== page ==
You knew them back then
    Tim McGovern, Benjamin Zoll, Jen D’Angelo, Chris Poole and Pat Bishop. Photo by the author.

    The next Zach Braff: Chris Poole and Pat Bishop

    Communication seniors Chris Poole and Pat Bishop aren’t making a kids movie. Their screenplay for Running Fox, a Studio 22 production, depicts a group of fifth graders and a running joke about checking for signs of rape. Yeah, not exactly Disney Channel fodder.

    Macabre humor is Poole and Bishop’s signature, a tone they share with ‘97 alum Zach Braff, who made his premiere with the Studio 22 absurdist comedy, Lionel on a Sun Day.

    Running Fox is about a boy named Henry, his fascination with Native American culture, and the lesson he learns at the end. “It’s just the wrong lesson, because it justifies being a serial killer,” Bishop says. “It’s an anti-moral story.” Poole says his childhood in rural Iowa inspired much of the film.

    What do the two think of Braff? “I mean, we both do go to Northwestern and are interested in filmmaking,” Poole says. “I feel like we could fight him if it came to that.”

    The next Stephen Colbert: Tim McGovern

    In his first weeks as a freshman, Communication senior Tim McGovern saw the comedy troupe he would one day lead. “I remember I was so impressed by Mee-Ow. The second I saw them I was like, ‘This is what I have to do,’” he says. Thus began a busy comedy career at Northwestern, just as ‘87 alum Colbert had when he transferred to Northwestern as a junior. McGovern also joined the Titanic Players as a sophomore.

    This year, he’s a head writer for Waa-Mu, something that translates to his future plans. “I’d love to be a writer/performer. That would be the most optimal thing because I like doing both pretty much equally,” he says.

    What does McGovern think of Colbert? “He’s the kind of performer I want to be, or hope I am, but there is no way of really knowing that,” he says.

    He even had a run-in with Colbert himself. In 2006 when His Truthiness was Grand Marshall of the homecoming parade, then-freshman McGovern shouted “I love you, Mr. Noblet!” to which Colbert responded “Right back at ya!” A reporter ran over to ask what he meant, not knowing that Chuck Noblet is Colbert’s character from TV series Strangers with Candy.

    The next Andrew Bird: Benjamin Zoll

    Like ‘95 alum Andrew Bird took a classical violin education and turned it into contemporary music, Bienen senior Benjamin Zoll, a jazz studies major on trombone, takes his musical training and applies it to electronica and hip-hop.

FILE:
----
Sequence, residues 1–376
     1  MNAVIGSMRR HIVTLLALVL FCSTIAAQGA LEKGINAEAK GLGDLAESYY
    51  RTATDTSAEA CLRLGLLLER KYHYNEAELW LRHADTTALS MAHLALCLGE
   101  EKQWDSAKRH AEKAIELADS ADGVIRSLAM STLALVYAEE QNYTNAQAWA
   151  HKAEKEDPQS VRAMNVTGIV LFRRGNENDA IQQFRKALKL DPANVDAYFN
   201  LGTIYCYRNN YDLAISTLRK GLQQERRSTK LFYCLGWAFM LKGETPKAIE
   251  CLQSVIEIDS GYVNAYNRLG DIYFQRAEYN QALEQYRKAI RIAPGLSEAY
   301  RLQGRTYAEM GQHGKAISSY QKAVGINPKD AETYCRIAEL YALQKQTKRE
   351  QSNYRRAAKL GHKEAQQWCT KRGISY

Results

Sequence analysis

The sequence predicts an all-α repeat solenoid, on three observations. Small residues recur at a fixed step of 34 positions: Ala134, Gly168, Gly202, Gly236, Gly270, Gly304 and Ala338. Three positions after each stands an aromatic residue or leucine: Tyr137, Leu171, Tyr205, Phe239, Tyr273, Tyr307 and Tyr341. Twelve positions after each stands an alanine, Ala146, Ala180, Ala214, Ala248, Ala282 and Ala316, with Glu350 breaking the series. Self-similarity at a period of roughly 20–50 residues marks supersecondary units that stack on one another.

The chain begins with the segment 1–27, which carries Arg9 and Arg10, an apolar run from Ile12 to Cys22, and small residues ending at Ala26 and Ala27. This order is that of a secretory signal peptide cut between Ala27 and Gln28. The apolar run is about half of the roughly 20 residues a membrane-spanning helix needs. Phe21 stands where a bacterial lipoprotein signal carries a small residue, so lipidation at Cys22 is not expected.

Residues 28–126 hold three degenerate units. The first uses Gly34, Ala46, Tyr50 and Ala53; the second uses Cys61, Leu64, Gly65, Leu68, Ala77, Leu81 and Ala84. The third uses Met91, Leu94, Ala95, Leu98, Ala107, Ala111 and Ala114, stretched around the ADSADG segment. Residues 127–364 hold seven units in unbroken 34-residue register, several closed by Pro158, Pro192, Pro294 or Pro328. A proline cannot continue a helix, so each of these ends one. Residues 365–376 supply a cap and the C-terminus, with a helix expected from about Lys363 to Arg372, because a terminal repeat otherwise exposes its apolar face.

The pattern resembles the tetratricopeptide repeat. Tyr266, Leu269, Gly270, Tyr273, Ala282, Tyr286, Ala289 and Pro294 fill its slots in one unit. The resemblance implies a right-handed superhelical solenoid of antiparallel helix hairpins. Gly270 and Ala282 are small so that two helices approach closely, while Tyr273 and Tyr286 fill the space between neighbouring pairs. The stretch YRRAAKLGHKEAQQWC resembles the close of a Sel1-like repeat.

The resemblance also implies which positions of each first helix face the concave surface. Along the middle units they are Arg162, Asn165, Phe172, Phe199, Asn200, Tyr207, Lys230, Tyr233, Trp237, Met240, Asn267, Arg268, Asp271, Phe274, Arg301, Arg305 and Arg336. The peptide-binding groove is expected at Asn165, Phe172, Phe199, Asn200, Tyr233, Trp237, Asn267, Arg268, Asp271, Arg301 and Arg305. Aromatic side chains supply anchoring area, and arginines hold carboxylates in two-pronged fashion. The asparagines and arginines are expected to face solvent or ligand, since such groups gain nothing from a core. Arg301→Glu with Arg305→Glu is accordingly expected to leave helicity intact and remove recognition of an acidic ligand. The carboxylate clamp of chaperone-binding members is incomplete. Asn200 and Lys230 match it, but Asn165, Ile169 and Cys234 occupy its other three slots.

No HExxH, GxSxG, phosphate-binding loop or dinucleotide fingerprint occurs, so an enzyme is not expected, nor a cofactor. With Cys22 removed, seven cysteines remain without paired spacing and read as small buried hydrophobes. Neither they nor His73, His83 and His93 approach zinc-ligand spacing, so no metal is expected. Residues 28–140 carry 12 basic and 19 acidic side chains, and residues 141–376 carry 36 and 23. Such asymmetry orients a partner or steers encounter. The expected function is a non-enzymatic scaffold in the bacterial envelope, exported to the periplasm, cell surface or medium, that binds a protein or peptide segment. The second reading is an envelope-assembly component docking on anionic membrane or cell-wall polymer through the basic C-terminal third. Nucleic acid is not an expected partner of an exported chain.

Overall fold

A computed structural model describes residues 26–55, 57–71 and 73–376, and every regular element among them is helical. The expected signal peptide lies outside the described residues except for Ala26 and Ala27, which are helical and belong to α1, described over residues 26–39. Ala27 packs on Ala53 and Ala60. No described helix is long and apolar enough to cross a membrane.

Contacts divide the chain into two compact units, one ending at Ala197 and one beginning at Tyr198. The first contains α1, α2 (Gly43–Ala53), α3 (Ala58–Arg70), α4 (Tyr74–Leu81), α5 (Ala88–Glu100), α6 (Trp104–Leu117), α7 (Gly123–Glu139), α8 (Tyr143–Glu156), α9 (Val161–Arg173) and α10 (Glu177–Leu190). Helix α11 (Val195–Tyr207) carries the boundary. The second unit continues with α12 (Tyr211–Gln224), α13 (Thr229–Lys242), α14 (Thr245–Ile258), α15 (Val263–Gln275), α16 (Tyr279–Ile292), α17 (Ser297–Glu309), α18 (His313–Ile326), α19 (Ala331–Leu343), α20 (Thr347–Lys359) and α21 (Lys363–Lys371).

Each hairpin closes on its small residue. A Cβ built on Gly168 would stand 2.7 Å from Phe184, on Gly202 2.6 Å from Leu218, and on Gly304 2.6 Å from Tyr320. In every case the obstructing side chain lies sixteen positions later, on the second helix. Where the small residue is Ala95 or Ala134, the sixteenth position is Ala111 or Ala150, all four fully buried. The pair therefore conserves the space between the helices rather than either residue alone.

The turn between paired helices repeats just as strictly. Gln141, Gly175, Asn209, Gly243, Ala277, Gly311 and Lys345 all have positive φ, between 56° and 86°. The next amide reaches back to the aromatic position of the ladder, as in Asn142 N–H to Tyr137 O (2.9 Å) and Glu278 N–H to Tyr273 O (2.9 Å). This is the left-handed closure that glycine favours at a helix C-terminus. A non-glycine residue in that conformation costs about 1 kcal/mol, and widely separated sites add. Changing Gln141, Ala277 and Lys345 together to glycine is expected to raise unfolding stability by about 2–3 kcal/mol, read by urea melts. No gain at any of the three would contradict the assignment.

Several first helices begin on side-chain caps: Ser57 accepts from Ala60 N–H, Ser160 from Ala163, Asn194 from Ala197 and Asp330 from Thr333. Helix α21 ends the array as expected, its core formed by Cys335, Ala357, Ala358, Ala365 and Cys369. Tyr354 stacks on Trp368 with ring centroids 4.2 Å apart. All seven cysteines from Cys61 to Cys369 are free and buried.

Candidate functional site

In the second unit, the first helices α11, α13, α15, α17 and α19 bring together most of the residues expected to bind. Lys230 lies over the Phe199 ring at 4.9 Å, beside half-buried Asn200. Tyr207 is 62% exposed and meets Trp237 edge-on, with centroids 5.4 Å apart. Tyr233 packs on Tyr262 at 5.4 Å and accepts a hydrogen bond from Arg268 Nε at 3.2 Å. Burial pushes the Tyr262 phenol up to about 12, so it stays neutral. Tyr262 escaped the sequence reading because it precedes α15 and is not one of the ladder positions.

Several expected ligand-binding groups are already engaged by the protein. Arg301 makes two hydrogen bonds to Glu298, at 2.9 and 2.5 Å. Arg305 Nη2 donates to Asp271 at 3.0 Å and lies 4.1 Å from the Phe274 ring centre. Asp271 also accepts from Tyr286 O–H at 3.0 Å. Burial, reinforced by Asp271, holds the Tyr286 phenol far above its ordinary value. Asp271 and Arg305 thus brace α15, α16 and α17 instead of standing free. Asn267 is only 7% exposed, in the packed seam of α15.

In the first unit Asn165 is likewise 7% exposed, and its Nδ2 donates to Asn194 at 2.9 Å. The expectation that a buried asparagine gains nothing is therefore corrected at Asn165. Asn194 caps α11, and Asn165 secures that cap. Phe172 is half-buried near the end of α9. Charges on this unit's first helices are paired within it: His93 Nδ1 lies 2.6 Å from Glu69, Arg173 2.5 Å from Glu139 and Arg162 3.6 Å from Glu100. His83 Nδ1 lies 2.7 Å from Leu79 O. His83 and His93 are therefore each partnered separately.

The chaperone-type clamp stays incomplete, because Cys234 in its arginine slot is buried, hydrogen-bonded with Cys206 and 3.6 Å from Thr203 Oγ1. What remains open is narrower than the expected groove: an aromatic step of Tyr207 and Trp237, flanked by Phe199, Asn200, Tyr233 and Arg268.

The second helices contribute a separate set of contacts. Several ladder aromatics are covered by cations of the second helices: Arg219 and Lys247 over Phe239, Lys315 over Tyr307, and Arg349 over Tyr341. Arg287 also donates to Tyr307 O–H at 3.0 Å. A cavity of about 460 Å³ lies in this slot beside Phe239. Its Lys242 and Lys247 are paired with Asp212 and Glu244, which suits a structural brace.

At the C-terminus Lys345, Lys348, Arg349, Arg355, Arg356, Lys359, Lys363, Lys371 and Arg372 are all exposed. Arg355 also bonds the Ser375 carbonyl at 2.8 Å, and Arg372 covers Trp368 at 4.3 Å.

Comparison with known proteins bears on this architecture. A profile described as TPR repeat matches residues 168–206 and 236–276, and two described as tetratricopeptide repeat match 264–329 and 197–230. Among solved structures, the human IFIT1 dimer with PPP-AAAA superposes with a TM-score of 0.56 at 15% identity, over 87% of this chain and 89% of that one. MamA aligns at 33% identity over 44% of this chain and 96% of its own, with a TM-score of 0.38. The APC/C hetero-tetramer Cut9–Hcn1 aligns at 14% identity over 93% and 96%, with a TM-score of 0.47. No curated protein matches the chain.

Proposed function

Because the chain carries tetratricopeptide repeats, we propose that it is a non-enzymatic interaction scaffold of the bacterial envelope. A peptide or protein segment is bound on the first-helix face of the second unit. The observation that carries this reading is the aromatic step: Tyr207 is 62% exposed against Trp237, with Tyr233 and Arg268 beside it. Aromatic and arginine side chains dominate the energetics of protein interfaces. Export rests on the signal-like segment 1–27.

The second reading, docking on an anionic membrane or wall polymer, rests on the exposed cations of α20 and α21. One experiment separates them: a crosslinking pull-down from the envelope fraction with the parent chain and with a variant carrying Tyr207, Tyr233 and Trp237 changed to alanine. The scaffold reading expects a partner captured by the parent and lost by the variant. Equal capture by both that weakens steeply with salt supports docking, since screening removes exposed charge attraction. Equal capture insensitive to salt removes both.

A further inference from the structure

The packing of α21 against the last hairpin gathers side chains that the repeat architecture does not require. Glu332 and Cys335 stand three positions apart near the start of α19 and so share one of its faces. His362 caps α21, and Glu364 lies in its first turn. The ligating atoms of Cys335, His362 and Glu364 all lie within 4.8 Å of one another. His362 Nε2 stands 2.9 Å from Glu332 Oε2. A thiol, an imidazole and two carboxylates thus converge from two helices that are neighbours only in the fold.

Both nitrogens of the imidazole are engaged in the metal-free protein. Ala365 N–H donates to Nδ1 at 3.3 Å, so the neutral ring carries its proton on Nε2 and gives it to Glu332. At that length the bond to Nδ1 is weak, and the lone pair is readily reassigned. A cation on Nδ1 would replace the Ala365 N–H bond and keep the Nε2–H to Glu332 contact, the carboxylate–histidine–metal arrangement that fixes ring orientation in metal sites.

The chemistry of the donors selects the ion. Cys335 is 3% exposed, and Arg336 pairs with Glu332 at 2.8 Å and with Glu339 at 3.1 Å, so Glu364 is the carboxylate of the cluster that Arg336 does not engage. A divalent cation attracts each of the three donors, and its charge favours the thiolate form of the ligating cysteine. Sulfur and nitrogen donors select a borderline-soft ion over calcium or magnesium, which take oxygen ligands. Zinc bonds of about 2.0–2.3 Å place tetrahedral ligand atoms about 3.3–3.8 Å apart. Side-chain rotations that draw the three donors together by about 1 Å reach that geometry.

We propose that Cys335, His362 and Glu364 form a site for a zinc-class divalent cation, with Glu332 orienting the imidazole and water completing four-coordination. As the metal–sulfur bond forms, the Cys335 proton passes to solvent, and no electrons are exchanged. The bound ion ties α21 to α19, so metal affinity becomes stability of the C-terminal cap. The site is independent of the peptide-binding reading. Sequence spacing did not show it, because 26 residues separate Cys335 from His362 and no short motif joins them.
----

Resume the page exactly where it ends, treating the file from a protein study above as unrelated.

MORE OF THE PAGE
“I feel if you understand the music at its core elements better, then you can manipulate those elements to create a better overall track,” Zoll says.

    Known as “Ink” as a producer, Zoll began creating hip-hop tracks his senior year of high school. “I can create any sort of music or style that I want, and I can, depending how much effort I want to put on a particular track, make exactly the way I want,” Zoll says.

    Zoll also plays the guitar and piano as well as jazz trombone. Andrew Bird also had a taste for jazz: he led several jazz inspired groups.

    Zoll has worked with artists from all over the country, and is currently collaborating with Northwestern rapper Jordan Looney, or J.Loonz.

    The next Julia Louis-Dreyfus: Jen D’Angelo

    As a part of her nonfiction creative writing sequence, Communication senior Jen D’Angelo met with one of her professors to discuss her writing style. Her professor complimented the humor in her pieces, but something concerned him. Alongside the humor, there was an undeniable sadness.

    This dichotomy has become D’Angelo’s signature at the Northwestern comedy scene. “That is the kind of thing I’m really drawn to in terms of what I like to write,” D’Angelo says.

    Although she considers herself more of a writer than a performer, D’Angelo has established quite a hefty résumé on the improv circuit at Northwestern, joining the Titanic Players as a freshman and Mee-Ow as junior.

    Her work with the renowned improv group Mee-Ow, a credit she shares with ‘82 alum and comedienne Julia Louis-Dreyfus, incited ambitions to end up working in a writer’s room someday. “Mee-Ow worked so well together…and I think being in a writer’s room is very similar because it’s all these people getting together to make each other laugh and get really good material on the air,” she says.

    D’Angelo is also the playwriting chair for Vertigo Productions and has had two of her plays produced.


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